Everywhere I go on the Internet, I see Zack Tabudlo. First, on Facebook as he posts yet another cryptic message that quickly goes viral; then on TikTok where he’s seen covering the official soundtrack of Our Beloved Summer; then again on Spotify, where his song Pano sits on top of the national charts for the second month in a row. But not even this constant exposure could have prepared me for a Monday afternoon Zoom call with the country’s biggest singer today —my second most-played artist of all time, despite only having discovered him last December.
There’s a certain sense of confidence and self-assurance you’d expect from someone with his level of visibility. Yet all throughout our conversation, Zack exuded an aura of quiet humility not normally seen in celebrities of his stature, as if he still can’t believe this is his life. When I asked him how he’s been dealing with his newfound fame, he looked away from the camera and laughed to himself, quick to shoot down rumors that it’s changed him in any way.
“I’d like to think I’m very much the same as I was before,” he shared. “Me and my dad, we obviously track my growth through social media, especially Spotify. But I feel like staying in the same place I’ve always been in due to the pandemic, being with the same people and within the same circle just helped ground me.” This modesty takes root in Zack’s lengthy experience on the other side of the spectrum. After a brief stint on a nationwide talent search, it took years of performing to five fans at every show and getting little to no streams on his songs before a certain platform skyrocketed his career.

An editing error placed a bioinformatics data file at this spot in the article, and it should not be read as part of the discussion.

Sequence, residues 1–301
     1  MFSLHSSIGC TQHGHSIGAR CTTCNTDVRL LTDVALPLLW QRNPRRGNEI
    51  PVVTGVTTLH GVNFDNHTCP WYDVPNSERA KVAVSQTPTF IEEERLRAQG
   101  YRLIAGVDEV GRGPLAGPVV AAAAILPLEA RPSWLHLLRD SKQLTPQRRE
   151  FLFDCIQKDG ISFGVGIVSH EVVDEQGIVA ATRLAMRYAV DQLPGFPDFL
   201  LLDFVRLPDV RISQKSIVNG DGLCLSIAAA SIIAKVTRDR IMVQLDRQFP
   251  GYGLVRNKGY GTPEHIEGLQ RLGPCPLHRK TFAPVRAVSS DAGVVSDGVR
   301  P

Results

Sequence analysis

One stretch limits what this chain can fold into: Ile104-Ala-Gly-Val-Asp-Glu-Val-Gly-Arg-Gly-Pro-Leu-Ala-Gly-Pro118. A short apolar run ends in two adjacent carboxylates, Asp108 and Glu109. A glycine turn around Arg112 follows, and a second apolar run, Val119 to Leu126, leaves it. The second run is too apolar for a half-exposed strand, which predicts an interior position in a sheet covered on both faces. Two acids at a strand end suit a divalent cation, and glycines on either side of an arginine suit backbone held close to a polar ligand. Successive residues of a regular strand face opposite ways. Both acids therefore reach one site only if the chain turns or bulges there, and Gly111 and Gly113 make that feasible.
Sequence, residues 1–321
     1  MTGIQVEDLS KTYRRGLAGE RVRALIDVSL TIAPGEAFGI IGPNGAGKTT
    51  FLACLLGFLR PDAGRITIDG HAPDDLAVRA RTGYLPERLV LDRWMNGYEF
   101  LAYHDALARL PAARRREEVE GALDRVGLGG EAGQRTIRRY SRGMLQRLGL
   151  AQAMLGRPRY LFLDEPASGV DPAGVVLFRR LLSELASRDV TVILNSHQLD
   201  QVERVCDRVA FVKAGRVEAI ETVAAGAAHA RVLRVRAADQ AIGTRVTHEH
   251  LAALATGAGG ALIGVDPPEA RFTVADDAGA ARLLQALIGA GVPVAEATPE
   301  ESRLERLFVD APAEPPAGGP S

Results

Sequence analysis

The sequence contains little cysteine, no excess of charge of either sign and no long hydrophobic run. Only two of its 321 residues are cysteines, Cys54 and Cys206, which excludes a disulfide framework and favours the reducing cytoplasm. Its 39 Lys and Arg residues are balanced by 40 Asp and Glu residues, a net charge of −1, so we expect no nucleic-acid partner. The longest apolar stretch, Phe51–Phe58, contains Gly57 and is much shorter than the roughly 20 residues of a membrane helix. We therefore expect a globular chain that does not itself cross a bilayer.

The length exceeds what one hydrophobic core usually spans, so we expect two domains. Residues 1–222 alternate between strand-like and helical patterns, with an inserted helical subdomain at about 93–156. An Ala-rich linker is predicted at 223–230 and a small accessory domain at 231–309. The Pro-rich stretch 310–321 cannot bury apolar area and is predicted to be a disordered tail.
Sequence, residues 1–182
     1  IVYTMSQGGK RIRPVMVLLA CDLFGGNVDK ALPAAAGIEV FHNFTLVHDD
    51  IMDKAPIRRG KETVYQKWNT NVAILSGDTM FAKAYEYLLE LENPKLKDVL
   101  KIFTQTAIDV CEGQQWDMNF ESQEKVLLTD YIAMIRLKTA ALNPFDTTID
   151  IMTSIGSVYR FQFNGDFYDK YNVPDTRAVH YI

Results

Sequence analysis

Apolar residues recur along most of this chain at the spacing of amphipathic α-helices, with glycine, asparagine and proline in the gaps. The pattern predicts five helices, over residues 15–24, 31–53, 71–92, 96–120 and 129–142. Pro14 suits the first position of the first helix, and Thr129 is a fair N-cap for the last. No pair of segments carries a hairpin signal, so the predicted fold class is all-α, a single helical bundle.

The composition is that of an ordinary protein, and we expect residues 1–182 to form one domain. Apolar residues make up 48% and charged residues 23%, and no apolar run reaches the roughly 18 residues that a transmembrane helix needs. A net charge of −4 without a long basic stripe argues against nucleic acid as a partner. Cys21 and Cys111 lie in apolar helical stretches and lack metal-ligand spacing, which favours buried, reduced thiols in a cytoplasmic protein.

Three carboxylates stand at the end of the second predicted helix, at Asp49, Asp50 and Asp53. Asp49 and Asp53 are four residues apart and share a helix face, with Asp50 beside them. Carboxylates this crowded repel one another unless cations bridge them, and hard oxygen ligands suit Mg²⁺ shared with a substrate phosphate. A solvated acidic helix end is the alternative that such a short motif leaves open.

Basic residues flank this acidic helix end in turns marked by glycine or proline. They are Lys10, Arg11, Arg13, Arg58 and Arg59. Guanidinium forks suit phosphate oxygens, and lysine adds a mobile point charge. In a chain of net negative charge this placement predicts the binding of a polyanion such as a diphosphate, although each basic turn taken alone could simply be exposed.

After releasing a song, it’s not just about you anymore: it’s about everyone else who listens to you.
“When we released Nangangamba last November 2020, it didn’t get much attention,” he recalled. “Sure, we were gaining some listeners bit by bit but it wasn’t until it went viral on TikTok that we were able to connect with such a wide audience.” Still on a high from the track’s second wind, he released Binibini shortly afterwards and the rest was history. “I remember my friends being so happy when they saw that the song was everywhere on social media. They told me there was nothing but my face whenever they would go on Facebook; it was pretty funny.”
Although virality has cemented his status as a household name, it would be a disservice to attribute his hard-earned success to the algorithm alone. The 20-year-old singer-songwriter-producer extraordinaire has perfected the art of making music for the masses, by combining his vocal prowess with a keen awareness of popular sonic and lyrical elements. “Every time aspiring producers and artists ask me how I make songs, I always tell them that they need to be in an environment full of people who know what’s ‘in,’” he said. “Really try and tap into what they want to listen to as of today by getting their likes and their interests. When you take these stereotypes and incorporate your own artistry, that makes all the difference.”